The Honourable Sir Anthony Frank Mason AC KBE GBM QC can recall many highlights from his 23 years as a Justice of the High Court of Australia, including eight years as Chief Justice (1987-1995).
Among his career high points was the landmark decision made in Cole v Whitfield on the meaning of Constitution section 92, in which contradicting regulations between states put a burden on interstate trade; and Mabo v Queensland, which introduced native title and was later immortalised in the classic Australian film The Castle.
He acknowledges these judgments, among others, with subtle pride and a sense of the extent to which they changed the nation for the better.
"Cole v Whitfield was the judgment I took more pride in than anything else because section 92 had been a troublesome section for the best part of a century, and I thought we managed effectively to give the section an interpretation that didn't solve all the difficulties but it did solve quite a large number of difficulties which had persisted over the years," he says.
"I think Mabo (in which I agreed with the judgment of Brennan J) was a great achievement because I think Mabo did something – perhaps not nearly as much as people think – to address the problem created by the fiction that resulted in people believing Indigenous people had no interest in the lands that they had occupied traditionally, and I think Mabo was a very important decision."
Sir Anthony dismisses any disappointment.
"You tend to forget disappointments; you only remember the good things in life, and you remember them with perhaps a rosier complexion than they actually had," Sir Anthony says.
"But there were some cases where I was surprised rather than disappointed with the result."
Sir Anthony says his dissenting judgment in Hospital Products Ltd v United States Surgical Corporation, whereby the majority held that Alan Blackman had breached his contract with USSC, and did not owe fiduciary obligations to it, was one such example.
It was his experience in the highest court in the nation that shaped his career, and what he says were "exciting times."
Sir Anthony, now 90, distinctly remembers the turbulence of the Murphy Affair in the mid-1980s when his colleague Justice Lionel Murphy was convicted of one of two charges of attempting to pervert the course of justice over allegations he had attempted to influence a court case against Sydney lawyer Morgan Ryan.
A subsequent appeal to the NSW Court of Appeals quashed Murphy's conviction on the grounds that the trial judge had misdirected the jury, and, in a second trial, Mr Murphy was found not guilty.
He died of terminal cancer later that year.
"That was disruptive but, on the other hand, the Court managed to proceed with its work in the usual way, and that indicates in a sense how well-established the Court was and how it managed, notwithstanding, something that was quite unexpected and continued to go about its work in the usual way," he says.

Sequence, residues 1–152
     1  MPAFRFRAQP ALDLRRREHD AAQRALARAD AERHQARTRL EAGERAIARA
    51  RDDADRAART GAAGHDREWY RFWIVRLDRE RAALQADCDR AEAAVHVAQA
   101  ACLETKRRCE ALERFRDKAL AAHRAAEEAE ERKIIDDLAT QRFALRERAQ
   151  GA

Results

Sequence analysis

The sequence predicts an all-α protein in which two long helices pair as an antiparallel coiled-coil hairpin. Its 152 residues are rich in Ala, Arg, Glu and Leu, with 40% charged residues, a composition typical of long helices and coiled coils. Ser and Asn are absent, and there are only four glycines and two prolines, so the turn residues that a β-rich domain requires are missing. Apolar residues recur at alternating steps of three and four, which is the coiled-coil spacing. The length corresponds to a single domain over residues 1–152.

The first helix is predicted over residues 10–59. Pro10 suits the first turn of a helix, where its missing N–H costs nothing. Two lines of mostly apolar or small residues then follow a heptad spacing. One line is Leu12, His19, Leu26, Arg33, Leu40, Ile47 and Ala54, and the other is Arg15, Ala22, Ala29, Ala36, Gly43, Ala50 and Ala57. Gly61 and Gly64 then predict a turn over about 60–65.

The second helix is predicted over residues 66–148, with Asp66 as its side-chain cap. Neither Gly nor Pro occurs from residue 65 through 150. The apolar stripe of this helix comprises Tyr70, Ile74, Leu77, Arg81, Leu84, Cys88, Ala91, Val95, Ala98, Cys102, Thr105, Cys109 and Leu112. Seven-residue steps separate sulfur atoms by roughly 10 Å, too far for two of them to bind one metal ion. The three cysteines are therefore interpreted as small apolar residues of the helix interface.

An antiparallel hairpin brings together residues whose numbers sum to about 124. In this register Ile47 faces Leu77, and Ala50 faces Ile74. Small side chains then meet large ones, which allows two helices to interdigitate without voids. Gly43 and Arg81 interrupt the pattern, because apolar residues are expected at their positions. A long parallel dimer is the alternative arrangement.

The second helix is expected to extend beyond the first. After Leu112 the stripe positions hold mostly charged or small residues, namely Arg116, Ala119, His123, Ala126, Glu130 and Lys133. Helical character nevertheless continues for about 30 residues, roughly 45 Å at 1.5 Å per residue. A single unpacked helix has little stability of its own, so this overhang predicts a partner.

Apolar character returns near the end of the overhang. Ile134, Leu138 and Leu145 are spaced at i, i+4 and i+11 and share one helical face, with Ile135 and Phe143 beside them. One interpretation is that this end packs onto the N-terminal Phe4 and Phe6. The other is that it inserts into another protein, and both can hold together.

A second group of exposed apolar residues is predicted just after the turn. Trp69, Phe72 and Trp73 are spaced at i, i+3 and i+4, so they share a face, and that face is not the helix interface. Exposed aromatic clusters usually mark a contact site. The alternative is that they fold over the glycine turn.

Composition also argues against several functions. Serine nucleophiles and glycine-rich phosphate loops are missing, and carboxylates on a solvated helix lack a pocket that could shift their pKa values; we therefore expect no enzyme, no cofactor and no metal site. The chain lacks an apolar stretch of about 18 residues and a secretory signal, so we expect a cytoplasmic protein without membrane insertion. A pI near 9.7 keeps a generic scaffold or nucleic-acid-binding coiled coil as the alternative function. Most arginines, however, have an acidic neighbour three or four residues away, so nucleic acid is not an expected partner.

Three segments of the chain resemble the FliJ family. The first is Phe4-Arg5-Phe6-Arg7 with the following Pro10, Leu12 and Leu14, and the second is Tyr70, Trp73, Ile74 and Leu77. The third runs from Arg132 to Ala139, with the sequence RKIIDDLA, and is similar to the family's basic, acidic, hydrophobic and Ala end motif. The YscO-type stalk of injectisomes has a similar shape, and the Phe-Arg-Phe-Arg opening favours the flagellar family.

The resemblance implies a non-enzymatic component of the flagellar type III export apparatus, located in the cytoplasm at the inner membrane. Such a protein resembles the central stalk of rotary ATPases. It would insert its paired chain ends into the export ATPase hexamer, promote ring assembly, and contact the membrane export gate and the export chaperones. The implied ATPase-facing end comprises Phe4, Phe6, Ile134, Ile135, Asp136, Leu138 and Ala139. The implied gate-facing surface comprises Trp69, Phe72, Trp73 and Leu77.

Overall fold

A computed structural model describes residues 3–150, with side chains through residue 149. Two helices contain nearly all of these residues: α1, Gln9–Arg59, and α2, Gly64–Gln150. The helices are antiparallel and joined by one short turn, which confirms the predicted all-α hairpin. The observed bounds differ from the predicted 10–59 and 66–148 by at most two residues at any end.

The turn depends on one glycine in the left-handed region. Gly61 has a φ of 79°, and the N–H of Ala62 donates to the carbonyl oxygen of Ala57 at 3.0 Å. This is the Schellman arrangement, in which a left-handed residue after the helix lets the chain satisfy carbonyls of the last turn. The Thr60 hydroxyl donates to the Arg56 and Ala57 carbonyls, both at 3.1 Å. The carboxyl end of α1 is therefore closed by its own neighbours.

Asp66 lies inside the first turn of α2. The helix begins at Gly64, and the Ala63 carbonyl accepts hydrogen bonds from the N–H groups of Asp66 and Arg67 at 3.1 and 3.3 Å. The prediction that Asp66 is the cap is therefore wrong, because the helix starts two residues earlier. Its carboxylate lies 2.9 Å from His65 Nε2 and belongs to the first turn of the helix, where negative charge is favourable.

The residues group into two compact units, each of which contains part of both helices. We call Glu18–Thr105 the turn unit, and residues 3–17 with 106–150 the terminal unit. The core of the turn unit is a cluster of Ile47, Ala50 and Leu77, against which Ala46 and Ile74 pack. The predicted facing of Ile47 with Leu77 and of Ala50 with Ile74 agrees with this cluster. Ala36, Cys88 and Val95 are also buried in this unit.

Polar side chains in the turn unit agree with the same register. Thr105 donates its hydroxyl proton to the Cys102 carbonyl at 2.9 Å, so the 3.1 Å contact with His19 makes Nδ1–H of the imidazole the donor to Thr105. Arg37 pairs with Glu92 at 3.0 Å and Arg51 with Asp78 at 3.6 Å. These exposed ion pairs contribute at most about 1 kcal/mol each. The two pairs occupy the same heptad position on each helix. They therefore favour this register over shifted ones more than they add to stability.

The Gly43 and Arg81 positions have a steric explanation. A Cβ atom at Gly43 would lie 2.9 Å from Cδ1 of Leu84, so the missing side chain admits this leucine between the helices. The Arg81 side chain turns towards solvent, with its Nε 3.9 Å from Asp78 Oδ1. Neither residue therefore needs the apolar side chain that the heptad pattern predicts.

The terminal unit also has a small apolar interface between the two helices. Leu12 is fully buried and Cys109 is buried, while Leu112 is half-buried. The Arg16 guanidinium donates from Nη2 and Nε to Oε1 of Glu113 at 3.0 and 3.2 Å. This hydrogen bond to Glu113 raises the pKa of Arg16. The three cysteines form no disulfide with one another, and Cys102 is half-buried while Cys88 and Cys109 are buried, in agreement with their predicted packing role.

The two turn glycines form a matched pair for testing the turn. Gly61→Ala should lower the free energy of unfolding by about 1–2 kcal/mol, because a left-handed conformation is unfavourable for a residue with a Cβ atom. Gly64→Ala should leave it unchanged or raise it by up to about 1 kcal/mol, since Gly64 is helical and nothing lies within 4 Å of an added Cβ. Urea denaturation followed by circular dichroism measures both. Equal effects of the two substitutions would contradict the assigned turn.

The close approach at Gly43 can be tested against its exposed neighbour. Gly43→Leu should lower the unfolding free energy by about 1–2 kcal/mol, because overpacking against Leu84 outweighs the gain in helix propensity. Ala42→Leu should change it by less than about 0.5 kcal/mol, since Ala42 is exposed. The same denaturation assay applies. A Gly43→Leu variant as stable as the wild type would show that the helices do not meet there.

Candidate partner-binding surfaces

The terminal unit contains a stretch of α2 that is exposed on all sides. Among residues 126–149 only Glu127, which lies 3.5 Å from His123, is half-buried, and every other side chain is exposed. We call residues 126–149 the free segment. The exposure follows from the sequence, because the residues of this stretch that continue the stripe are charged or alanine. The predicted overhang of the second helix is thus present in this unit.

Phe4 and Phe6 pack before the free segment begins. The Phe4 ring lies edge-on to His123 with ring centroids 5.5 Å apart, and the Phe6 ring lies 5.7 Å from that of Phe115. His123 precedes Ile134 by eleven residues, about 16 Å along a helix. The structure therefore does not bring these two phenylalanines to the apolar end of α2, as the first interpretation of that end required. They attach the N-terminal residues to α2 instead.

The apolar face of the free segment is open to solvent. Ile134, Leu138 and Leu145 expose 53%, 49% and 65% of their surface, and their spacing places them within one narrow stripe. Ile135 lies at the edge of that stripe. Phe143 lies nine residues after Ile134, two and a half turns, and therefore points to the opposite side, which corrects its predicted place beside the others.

"That was probably the major incident that occurred."
That is, except one other.
Sir Anthony's involvement in "The Dismissal" in November 1975 has often, to some, overshadowed his long and distinguished career.
Yet, despite the four decades that have passed since the Constitutional crisis that resulted in then Prime Minister Gough Whitlam being cast from office, the former judge remains tight-lipped on the subject.
"I think it's well known that I was a friend of Sir John Kerr, and I did give Sir John Kerr certain advice. That's probably all I need to say about that."
Discussing his time in retirement from the High Court, including his continuing role as a non-permanent judge of the Hong Kong Court of Final Appeal, laments how the legal profession has changed in recent years.
He cites the high cost of litigation as one of the challenges of today.
"I think that is the biggest challenge facing the legal profession and the courts. That, and getting a final decision quickly on important questions of the law," he says.
And behind the nonagenarian's success and longevity in the law has stood his "tremendous" supporter, his wife of 65 years Lady Patricia Mason, for whom Sir Anthony has unwavering affection and gratitude.
"She's been marvellous. I couldn't have achieved what I have achieved without her unflinching support."
Sir Anthony Mason delivered the 21st Annual Sir Anthony Mason Lecture, his third time since its inception, on the topic "Proportionality and its use in Australian Constitutional Law" on Thursday 6 August 2015 at Melbourne Law School.
Image: Sir Anthony Mason with Laureate Professor Emeritus Cheryl Saunders AO and MLS Dean Professor Carolyn Evans
Credit: Stuart Chen